An Interview With Ralph Branca

From Bill at The Platoon Advantage on October 19, 2011:

BP: A connection people might not always make with your career is that, being a Dodger in the 1940s and fifties, you were a longtime teammate of Jackie Robinson. And there’s quite a lot of Jackie Robinson in the book, and in fact, you got to be quite close to him. Could you talk a little bit about how that relationship came about and how it got started?

Ralph Branca: Well, that’s all true, because — I lived on a block I call the United Nations. You know, there was — mostly Italian families, I’m gonna say. I could count them. I’m going to say eight — there were eight Italian families, four black families, two Jewish families, two German families, two Irish families on this block, both sides of the block. So, blacks lived next door to me, so I had no problem playing with or talking to blacks. You know, playing with them, ’cause they played on our team, and there was blacks like three houses up and four houses up, and Charlie Woodson played on a team and Richard Tucker played ball with us.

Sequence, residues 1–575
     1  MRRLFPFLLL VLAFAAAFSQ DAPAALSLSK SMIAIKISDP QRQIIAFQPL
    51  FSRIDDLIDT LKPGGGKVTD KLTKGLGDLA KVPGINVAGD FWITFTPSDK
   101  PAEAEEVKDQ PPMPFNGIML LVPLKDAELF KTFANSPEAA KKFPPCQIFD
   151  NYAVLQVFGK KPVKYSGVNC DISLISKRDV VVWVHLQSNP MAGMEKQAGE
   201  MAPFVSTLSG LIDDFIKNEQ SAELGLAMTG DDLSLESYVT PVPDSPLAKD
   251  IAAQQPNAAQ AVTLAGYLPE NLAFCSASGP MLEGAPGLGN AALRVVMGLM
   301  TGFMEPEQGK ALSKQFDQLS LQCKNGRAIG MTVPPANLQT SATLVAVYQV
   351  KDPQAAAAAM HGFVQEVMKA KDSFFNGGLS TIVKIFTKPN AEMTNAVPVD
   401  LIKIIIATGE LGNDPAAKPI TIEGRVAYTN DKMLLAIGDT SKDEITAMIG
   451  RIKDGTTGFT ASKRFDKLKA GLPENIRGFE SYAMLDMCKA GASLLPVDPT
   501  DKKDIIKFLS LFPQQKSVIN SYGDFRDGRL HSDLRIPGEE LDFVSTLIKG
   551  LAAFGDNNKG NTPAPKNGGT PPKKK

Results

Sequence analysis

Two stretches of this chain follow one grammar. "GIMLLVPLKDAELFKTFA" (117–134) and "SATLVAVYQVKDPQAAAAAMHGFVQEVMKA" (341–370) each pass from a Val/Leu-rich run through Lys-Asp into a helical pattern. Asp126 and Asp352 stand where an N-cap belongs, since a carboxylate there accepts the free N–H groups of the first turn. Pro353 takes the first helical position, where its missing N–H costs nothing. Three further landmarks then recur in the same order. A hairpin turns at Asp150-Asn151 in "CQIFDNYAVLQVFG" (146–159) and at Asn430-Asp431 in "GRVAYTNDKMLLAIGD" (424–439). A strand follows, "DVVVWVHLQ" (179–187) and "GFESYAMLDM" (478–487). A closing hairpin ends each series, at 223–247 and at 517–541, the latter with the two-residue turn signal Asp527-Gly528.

So, when Jackie joined, all I was hoping [was] that he could play and help us win a pennant, which I think [is what]  most guys think about, winning a pennant. Because in those days you didn’t make a lot of money; in fact, in 1947 I was making $6500, and had we beaten the Yankees in the World Series I would’ve doubled my salary, would’ve gotten sixty-five hundred. As it turned out, we lost, but I got forty-seven hundred dollars, so like three-quarters of my pay was in my World Series check.

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Originally published: October 21, 2011. Last Updated: October 21, 2011.